#1
Hey guys, Ive been playing for about 4 years. Not that Im into shred or anything really, but it would be nice to be able to play a little faster as that can always come in handy. Well anyways, I can play some pretty fast stuff, but that is only due to my technique, not the actual finger speed. Well just out of curiousity, I had a friend that just started learning guitar a couple weeks ago just do some simple repeated hammer on pull offs, something that is based solely on how fast your fingers can go and his fingers moved like twice as fast as mine... Anyways, should I just keep running through scales and stuff to speed up my fingers? My technique is pretty spot on, my finger speed is just lacking, thanks in advance for any help
#2
Speed in your fingers has alot to do with how relaxed your arm from the shoulder down is. Try relaxing more while playing.
Gear:
Bugera 6262 head
MXR M-108
Gibson Explorer faded
Harley Benton G212 Vintage
#3
^+1

Also try practicing chromatic runs in legato (hammer-ons and pull-offs)
like this:

1h2h3h4

4p3p2p1


And try stretching before playing to get your fingers relaxed.
I like metal

Gear (still working on it ) :

Epiphone SG G-310
Marshall MG10cd
Boss MT-2 Metal zone

Quote by DiSTuRBeD -26-
^listen to him


Metalli-freak
#4
Finger speed IS technique.

/thread
Actually called Mark!

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#6
It's true though, if your fingers can't move fast enough then your technique isn't great.

Speed isn't a skill, it's dependent on your skills...factors like accuracy, timing, fretboard knowledge, keeping hands synchronised, making your movements as economical as possible, keeping things controlled. If you can't play fast then it's not as simple as "you can't play fast"...the reason is one or all those things mentioned before are lacking. If you work on improving them, and they're all things you can actively practice and influence, then you'll be able to play faster.

There's no such thing as retarded or slow fingers, just badly trained ones.
Actually called Mark!

Quote by TNfootballfan62
People with a duck for their avatar always give good advice.

...it's a seagull

Quote by Dave_Mc
i wanna see a clip of a recto buying some groceries.


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#7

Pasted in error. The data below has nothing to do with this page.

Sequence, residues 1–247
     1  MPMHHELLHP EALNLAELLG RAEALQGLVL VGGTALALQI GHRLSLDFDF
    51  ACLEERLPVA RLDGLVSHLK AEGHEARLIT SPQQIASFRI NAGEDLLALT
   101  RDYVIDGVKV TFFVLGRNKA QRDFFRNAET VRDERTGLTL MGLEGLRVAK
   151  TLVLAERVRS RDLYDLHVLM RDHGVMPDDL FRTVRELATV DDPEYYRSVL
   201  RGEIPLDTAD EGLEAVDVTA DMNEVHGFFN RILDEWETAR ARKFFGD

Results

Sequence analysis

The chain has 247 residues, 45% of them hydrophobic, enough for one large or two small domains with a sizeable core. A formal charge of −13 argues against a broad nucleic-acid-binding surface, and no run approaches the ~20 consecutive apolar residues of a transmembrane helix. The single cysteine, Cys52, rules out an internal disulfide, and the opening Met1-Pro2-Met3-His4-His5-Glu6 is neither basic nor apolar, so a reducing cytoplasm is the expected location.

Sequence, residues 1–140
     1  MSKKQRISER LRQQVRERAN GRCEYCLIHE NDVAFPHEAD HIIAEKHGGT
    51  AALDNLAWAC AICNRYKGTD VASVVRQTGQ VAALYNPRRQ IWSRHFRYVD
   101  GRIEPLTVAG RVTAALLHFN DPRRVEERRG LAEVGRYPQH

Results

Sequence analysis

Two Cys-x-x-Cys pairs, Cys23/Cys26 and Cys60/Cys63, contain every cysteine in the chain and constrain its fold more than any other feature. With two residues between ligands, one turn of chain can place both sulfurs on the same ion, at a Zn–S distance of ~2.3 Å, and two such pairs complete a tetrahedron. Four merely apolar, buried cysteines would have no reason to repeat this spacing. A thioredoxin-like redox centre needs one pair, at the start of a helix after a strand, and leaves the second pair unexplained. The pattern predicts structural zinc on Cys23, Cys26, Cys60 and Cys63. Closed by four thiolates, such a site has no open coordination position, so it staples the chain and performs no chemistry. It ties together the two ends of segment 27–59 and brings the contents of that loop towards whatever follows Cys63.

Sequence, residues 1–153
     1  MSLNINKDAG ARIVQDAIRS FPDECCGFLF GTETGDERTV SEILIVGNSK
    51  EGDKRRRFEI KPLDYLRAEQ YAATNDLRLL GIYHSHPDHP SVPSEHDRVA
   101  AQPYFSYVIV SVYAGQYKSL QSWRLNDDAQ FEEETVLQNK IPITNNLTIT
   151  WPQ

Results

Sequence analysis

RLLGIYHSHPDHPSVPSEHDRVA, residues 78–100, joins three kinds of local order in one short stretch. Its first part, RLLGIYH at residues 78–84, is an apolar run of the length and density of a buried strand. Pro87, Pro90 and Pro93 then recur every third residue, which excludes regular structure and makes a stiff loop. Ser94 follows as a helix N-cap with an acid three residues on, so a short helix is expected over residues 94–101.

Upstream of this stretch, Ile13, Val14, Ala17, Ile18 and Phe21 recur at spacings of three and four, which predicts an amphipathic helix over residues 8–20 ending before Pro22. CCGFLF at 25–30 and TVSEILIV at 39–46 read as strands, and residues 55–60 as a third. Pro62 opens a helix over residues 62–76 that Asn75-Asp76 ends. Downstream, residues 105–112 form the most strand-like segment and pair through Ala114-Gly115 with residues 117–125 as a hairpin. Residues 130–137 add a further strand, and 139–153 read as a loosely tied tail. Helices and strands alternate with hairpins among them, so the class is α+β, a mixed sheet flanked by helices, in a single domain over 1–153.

Quote by steven seagull
It's true though, if your fingers can't move fast enough then your technique isn't great.

Speed isn't a skill, it's dependent on your skills...factors like accuracy, timing, fretboard knowledge, keeping hands synchronised, making your movements as economical as possible, keeping things controlled. If you can't play fast then it's not as simple as "you can't play fast"


how can one improve the skills you mentioned? Any exercises you have to offer?
I like metal

Gear (still working on it ) :

Epiphone SG G-310
Marshall MG10cd
Boss MT-2 Metal zone

Quote by DiSTuRBeD -26-
^listen to him


Metalli-freak
#8
Quote by steven seagull

There's no such thing as retarded or slow fingers, just badly trained ones.

or differently trained ones.
A lot of people just aren't trained to play super fast. I myself knew all the notes on the fretboard easy as can be in any position, but I hadn't trained my fingers to slide up the neck that fast or swap position. It wasn't accuracy that was lacking, but just an area in my technique I hadn't bothered to look at.

Now I have, and it's all good. Although, I still don't really like to go too fast. I liek to hear the impact of every note equally.
#9
^You don't 'train' to be fast anyway. Going fast isn't doing push-ups.

Seeing as though the TS wants to know how to do it your point about 'not training' yourself to go fast is silly. If he can't go fast he has poor technique.

Like Seagull person said:


Speed isn't a skill, it's dependent on your skills...


Which is basically the best one-liner you'll hear about playing fast.
Last edited by Ikonoklast at Aug 4, 2009,
#10
Run through some scales but move them down one or two frets and do a full run from the first fret all the way to the high end. Up and down, one end of the fretboard to the other. Do it to the point where you can do the full run without looking at your hands or missing a note. I find that sort of exercise helps with accuraccy and thus speed after a few weeks.
Andy Fox
Hard rock guitarist
I play a Jackson DK-2 and an Ibanez RG through a Peavey 6505+ stack